Karen Bakken remembers Home Ec., a term little used today:

I think most of the girls will have memories of Miss Dean's Home Ec. class

All 8th grade girls had to take Home Ec.  Our teacher was Miss Dean who was very sweet but we still gave her a hard time.  The cooking was fun and I remember making ketchup which became a skill that I never used.  We actually made some pretty good stuff sometimes.  Whenever we made brownies or cookies we would have to leave them to cool.  Upon arriving the next day we would find that many goodies had disappeared so we blamed the class that came in after us.  After many complaints, we decided to fix the problem ourselves by adding a "chocolate looking ingredient" to the brownies.  You can guess what the ingredient was.  I think there were a lot of bathroom passes issued that day.

Things got worse when we had sewing the next semester.  We had to make a skirt and blouse outfit but we had to all use the same pattern and go to Hibbards downtown to get the material.  We could use different colors of material but had to make all the same pattern.  You know that as fashion conscious teenage girls we would never think of wearing the same thing everyone else had!  So we sewed, knowing that none of these outfits would ever be worn.  Having a low frustration tolerance for machines and sewing in general I became enraged when Miss Dean told me I would have to put the zipper in again--for the 5th time.  So in my passive-aggresive manner, I threw my skirt out of the 2nd story window.  A few of us looked out and saw my skirt swirled on the pavement below.  I told Miss Dean that I was standing by the window and the wind just blew it out!  She just calmly told me to go get it and never sent me to the office.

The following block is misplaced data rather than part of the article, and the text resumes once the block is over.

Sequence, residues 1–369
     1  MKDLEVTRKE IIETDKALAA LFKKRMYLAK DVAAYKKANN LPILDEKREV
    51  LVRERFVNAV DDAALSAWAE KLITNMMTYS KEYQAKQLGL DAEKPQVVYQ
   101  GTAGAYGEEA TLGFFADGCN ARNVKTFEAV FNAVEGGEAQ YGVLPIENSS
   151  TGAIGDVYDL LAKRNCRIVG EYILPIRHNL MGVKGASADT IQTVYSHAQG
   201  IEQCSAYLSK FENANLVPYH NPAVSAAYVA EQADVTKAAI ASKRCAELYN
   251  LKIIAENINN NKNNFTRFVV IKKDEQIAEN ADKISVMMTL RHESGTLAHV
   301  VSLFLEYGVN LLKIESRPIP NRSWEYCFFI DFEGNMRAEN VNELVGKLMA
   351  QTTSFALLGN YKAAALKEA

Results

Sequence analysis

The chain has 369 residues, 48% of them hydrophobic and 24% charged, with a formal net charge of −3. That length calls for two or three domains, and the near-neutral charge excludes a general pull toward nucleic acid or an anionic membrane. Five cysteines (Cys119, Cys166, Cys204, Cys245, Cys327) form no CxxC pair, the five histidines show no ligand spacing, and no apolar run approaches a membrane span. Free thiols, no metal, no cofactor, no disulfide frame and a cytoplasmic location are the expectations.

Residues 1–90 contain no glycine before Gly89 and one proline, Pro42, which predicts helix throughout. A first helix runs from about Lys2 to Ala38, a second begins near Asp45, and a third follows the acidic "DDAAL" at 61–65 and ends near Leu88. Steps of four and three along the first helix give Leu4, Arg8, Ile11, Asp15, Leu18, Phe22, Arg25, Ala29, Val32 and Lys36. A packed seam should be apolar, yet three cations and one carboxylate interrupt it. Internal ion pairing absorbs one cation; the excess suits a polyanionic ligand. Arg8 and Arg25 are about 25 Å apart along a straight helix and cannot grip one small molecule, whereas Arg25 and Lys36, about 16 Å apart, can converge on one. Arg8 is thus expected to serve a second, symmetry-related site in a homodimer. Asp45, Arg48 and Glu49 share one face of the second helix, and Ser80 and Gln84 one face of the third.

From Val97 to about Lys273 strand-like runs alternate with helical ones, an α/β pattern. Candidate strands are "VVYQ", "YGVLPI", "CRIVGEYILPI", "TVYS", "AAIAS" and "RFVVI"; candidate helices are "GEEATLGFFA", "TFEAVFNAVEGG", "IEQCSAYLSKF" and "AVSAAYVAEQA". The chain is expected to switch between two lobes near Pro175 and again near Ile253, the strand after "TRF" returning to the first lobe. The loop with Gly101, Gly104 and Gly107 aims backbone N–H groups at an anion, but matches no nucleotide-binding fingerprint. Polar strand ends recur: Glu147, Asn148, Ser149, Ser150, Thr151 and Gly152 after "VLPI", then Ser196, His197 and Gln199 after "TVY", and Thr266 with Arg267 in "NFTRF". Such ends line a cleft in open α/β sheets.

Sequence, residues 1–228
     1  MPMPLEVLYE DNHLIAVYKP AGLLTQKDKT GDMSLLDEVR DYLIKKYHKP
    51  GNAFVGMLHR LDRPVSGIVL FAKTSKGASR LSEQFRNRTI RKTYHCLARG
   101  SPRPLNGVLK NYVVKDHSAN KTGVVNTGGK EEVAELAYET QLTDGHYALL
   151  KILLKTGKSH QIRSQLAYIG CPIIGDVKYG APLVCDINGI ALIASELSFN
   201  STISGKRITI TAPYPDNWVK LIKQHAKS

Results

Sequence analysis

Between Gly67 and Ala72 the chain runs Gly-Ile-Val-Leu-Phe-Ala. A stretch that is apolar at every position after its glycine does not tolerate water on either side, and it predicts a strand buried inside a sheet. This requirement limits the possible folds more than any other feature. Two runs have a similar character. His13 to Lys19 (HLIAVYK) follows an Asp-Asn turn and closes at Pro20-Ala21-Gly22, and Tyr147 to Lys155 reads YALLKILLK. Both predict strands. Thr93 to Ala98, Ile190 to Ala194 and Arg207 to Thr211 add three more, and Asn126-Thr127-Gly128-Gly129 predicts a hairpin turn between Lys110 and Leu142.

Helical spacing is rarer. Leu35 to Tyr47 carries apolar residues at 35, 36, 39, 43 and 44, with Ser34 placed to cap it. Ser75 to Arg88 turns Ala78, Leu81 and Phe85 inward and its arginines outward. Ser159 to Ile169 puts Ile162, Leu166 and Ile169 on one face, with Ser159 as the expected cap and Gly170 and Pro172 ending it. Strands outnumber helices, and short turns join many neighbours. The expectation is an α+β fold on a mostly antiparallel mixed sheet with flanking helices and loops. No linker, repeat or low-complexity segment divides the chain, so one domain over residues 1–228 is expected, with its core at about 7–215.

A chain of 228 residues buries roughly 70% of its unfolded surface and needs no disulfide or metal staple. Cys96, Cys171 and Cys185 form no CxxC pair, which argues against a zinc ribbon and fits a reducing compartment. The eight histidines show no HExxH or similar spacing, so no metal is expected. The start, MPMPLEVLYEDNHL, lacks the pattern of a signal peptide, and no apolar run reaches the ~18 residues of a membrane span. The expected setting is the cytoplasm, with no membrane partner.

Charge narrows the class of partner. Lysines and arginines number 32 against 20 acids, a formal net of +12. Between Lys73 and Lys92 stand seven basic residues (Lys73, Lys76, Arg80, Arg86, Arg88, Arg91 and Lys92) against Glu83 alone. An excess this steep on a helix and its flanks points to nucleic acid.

Another time we thought it would be a great joke to decorate Miss Dean's hair.  As a few girls engaged her in conversation, two of us took gobs of purple thread and placed them in her hair.  We then made an excuse to take her into the hallway as the high school was coming back from lunch. Apparently,  she had this in her hair for a couple of periods before someone finally told her.  The next day she almost cried about how she felt so embarrassed.  I think she really felt bad thinking that we would do something like that to her.  We all felt terrible about what we had done.  It certainly was not a joke anymore.  To this day I wonder how we could have been so ornery as she was a nice but sometimes too trusting teacher. I've had guilty feelings for 50 years!

 

Warren Brown responds to a suggestion that the class musicians have a lot in common:

I have not played since 1970, except for a brief stint with the Phoenix College Community Orchestra which my wife conducted after playing violin in the Phoenix symphony Orchestra for 28 years. I was terrible (playing tympani and mallet percussion). Good idea, though, Barry. I'm glad you didn't suggest we get together and jam. Barry, as an interesting aside, Charles Callahan attended my senior recitial (a requirement for my music degree) in Wichita Kansas. I was very honored.

Note: Barry would like to hear from other musicians from the group at large, including spouses. Email Dan Davis with any music skills or current performance history. dmdavis@acm.org